Monday, June 18, 2018
Editorials

Editorial: Let voters decide mayor's role in Zephyrhills government

Zephyrhills Mayor Danny Burgess' candidacy for the Florida House presents the City Council with a renewed opportunity that elected leaders have fumbled twice before: Modernizing the Zephyrhills city charter and streamlining the local government by eliminating the superfluous mayoral position.

Burgess is seeking the District 38 seat held by term-limited House Speaker Will Weatherford. Elected mayor just nine months ago to fill a vacancy, Burgess will leave the mayor's office in April when his one-year term expires. It presents an opportune time for the five-member council to schedule a referendum and ask voters to dispense of this unnecessary job.

Though Burgess defends the mayor's job as important for economic development and community relations, it is a largely ceremonial role that carries little responsibility besides holding shears at ribbon cuttings. The mayor does not run council meetings, cannot make motions and cannot vote on matters before the council. The council president signs official city documents and chairs council meetings. The mayor does have the authority to veto city ordinances, but that power has been dusted off just twice in the past 15 years, and both times former Mayor Cliff McDuffie ended up withdrawing his planned veto.

The Zephyrhills mayor is a $6,000-a-year goodwill ambassador. It is a luxury that the city should jettison. And it would free up a few extra dollars in the city budget as the council entertains other spending priorities, including how to preserve and maintain the former Hercules Aquatic Center property.

More than money is at stake, however. The mayor's current role presents a troubling opportunity to stymie open government. Because the mayor does not vote, he or she can discuss public business privately with individual council members. It's a scenario that should be avoided and can be eliminated entirely if council crafts an appropriate referendum. The city should ask voters to allow council to elevate one of its own to serve as mayor — as is done in Dade City — or else turn the mayor into a voting council member elected directly by the voters, as is the case in New Port Richey and Port Richey. Either method is preferable to the current system.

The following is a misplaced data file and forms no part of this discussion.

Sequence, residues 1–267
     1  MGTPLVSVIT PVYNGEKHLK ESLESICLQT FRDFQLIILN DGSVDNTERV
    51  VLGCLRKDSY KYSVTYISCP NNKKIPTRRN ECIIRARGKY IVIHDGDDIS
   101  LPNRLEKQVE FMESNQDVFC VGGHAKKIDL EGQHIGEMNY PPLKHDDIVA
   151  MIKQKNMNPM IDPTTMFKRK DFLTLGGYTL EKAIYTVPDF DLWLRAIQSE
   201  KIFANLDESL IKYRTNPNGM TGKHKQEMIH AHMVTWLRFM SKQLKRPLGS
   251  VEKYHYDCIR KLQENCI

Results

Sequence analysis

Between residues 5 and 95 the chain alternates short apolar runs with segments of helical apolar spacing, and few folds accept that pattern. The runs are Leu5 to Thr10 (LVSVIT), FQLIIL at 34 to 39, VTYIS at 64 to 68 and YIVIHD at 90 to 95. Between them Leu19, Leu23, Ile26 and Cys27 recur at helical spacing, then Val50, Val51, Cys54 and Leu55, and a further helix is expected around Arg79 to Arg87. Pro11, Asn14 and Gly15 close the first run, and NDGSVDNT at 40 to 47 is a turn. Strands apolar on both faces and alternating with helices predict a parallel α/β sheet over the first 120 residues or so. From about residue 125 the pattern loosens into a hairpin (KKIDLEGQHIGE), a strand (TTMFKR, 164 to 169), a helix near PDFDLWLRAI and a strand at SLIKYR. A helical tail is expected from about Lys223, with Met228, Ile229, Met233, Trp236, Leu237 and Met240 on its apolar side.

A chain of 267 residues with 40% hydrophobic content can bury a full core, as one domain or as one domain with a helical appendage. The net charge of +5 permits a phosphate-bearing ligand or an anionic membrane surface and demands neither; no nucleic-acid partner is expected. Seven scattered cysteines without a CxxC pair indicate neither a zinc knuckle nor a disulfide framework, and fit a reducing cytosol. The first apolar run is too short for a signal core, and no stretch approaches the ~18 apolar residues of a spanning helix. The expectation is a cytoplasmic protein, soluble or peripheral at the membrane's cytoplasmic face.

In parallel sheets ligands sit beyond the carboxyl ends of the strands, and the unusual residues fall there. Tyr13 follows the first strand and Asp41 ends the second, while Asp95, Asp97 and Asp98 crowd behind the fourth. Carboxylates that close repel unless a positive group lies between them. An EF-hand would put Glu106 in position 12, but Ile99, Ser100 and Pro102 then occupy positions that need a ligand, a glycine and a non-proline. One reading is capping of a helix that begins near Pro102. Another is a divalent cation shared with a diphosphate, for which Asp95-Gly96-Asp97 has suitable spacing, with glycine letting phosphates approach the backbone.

Eight years ago, a citizens charter review committee recommended scrapping one of five council seats and giving the mayor voting authority. Unfortunately a three-person council majority, including then council-member Danny Burgess, killed the recommendation and refused to allow the ballot question to be considered by voters. In 2012, current council members Charlie Proctor and Kent Compton unsuccessfully sought a similar charter referendum. They should try again.

The elected mayor plays no significant role in Zephyrhills city government. It's an outdated expense that the city should discontinue, and the council should at least be willing to ask voters for their sentiments on eliminating this irrelevant job.

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